Why Do You Have to Run So Much?

[Editor’s Note: The beauty of life is the beauty of life, no? There are so many things to love. It’s the nature of the human spirit, perhaps, to grow deeply attached to many beautiful things, our family, friends, hobbies, adventures, homes, to name a few. In the following essay, Leon Lutz articulates his love for both his family and his sport.]

“Why do you have to run so much, Daddy?”

My dear Lily (and your little sister, Piper Bea),

If I’m being honest, and for the sake of both you and Piper Bea, I must and will be, I’d seen the question in your eyes a time or two before you actually spoke the words. More than likely I assigned that look to long days and a child’s want to always, always, always move on to the next adventure, hoping that the sentiment existed only on the very surface and lacked actual residence in your worries.

Lily and Piper

Lily and Piper

As the words hang there in the air, waiting for me to accept the challenge of offering an acceptable response, I now recognize their sincerity and beginnings rooted more deeply than just in moments of exhaustion or boredom.

At six years of age, you must find two hours waiting for my return to be interminably long. And that, of course, allows for only a short run in comparison to half days, full days, days on end in the backcountry seeking, perhaps, the answer to the very question you just posed. The older I get, the more fleeting hours and even days seem to be, but you haven’t yet been saddled with the sobering perspective of aging, the consciousness of expiration dates and a notion of fewer years ahead than behind. Thank goodness. I actually find relief in knowing that this is not yet graspable for you or your sister. I celebrate it and ache at the idea that you both one day will comprehend the ceaseless, unrelenting march of time.

By the look on your face, I can tell that you’ve decided I wasn’t listening or don’t have any intention of answering your question, but I do. I’m trying.

Many other children, husbands, wives, partners, parents, friends have asked this very same question of runners scattered all across this enormous (though not so enormous as you might think) planet. Each of them has deserved an honest answer just as each person who asked the question is equally deserving of his or her right not to provide one. But, for you, I am trying.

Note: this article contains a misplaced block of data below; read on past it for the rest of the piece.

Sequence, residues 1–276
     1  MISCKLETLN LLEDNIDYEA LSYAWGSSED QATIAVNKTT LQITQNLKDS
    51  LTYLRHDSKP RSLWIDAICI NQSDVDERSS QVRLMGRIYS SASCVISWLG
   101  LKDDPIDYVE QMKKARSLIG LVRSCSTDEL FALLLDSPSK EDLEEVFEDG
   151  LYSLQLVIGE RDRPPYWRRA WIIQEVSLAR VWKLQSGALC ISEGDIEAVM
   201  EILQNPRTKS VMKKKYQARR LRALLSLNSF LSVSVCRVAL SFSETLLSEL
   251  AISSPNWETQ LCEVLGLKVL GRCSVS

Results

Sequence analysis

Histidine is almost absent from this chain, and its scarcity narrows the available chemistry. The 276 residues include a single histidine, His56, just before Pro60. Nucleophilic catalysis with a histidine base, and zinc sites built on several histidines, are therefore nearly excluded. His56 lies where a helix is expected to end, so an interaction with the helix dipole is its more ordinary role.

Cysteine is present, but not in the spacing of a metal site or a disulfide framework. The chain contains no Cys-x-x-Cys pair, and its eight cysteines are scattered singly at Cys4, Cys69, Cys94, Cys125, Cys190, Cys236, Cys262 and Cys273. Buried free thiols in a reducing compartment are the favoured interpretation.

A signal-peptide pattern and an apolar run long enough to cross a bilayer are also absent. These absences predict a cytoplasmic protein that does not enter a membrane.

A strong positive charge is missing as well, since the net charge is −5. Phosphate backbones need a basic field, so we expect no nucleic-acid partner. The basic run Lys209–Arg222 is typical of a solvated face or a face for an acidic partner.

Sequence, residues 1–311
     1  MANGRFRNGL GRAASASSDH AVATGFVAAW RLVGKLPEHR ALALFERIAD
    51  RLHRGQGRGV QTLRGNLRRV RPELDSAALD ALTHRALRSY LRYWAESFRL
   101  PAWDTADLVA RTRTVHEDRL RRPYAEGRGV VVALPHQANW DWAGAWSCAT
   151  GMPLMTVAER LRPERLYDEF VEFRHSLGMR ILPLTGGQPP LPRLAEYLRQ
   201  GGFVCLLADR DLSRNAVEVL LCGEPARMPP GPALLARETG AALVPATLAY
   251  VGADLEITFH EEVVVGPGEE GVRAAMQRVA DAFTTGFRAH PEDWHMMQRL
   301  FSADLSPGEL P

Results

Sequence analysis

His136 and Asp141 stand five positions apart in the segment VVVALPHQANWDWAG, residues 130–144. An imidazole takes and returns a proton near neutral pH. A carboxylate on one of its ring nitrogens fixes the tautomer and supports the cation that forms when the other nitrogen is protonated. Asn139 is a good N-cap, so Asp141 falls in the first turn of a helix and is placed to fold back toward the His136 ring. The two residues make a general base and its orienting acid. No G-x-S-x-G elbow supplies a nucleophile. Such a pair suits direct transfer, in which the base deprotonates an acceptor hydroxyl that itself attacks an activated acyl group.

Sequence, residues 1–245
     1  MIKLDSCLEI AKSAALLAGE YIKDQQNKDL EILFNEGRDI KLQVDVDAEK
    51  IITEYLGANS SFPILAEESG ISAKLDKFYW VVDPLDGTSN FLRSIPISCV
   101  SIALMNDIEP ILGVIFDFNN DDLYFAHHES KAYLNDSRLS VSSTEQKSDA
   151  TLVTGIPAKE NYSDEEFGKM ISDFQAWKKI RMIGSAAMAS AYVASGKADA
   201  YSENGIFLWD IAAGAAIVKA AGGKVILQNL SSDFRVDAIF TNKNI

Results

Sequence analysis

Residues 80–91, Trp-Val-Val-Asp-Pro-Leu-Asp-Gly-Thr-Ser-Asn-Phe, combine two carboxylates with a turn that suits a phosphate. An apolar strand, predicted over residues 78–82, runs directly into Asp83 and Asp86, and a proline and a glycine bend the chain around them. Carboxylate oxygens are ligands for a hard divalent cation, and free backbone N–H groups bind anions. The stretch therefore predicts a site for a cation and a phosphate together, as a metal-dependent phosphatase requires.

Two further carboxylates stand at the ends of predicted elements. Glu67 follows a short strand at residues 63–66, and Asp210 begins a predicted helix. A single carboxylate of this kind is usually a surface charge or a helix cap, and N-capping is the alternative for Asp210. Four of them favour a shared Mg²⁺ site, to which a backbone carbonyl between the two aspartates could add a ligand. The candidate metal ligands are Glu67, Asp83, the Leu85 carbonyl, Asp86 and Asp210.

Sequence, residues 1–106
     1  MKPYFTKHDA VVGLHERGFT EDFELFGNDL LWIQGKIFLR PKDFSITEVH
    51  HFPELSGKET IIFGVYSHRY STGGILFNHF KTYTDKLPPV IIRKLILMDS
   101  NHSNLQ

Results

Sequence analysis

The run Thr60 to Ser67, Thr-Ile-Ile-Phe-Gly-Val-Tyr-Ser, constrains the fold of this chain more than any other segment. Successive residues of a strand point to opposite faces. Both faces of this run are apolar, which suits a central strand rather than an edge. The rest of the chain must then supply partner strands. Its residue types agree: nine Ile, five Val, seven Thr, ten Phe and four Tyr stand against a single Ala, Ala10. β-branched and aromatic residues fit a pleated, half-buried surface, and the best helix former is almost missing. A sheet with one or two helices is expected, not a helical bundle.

Much of my answer lies in the sensations conjured by watching you and Piper Bea race about the backyard. It is the same emotions I experienced the first time you twisted your little newborn hands into my beard and unfurled a yawn seemingly too big for your little body before falling asleep nestled beneath my chin. Witnessing inaugural smiles, first words and teetering, exploratory steps elicited similar feelings. All of those initial revelations and awe-inspiring discoveries were connections to a world so breathtakingly beautiful when uncluttered by all that you at six do not, simply cannot, yet know. How sad it is for me to accept that you will not be and cannot be kept from one day knowing.

When I run and especially when I run long and far, all that I’ve come to know (or think I know) of the world washes away and I am better, much better, for it. The connections that came so easily at four and six years old, connections that seem nearly impossible to make at 39, become quite possible. Not only do they become possible, Lil, they happen. Bodies that would pass wordlessly on a city street or a suburban neighborhood engage effortlessly in comfortable conversation. Laughter, genuine heart-happy laughter, is the norm amongst ultrarunners and occurs without the reservations of political correctness or the shadowy assessment of present company.

That furrow in your tiny brow reveals your frustration at trying but failing to understand that last sentence but I couldn’t be happier that the weight of social constraints is one foreign to you, at least for now.

I’ll say it another way. You don’t like closed doors, do you? I’ve watched you approach them with the same disdain I feel, your posture almost demanding access to the other side. Life is full of closed doors, Lily, and I too tire of them. Out on the trails, doors that are closed in our everyday are opened wide. No, that’s not quite right. They aren’t opened so much as they just aren’t there at all.

Please don’t mistake my yearning for the outdoors and my passion for running as a need to escape the world on the whole or a suggestion that all of life is constraints, enclosures and nuisance. There is so much to love about our family, our home, our neighbors, school and, yes, even work. You and I have talked quite a lot about balance both in the physical sense of avoiding toppling over on the playground or while riding your bicycle and in the less easy to understand way of keeping from feeling like you’re being pushed, jostled and overwhelmed by everything being asked of you by your friends, your teachers or Lindsay and me… Sorry, Mommy and me.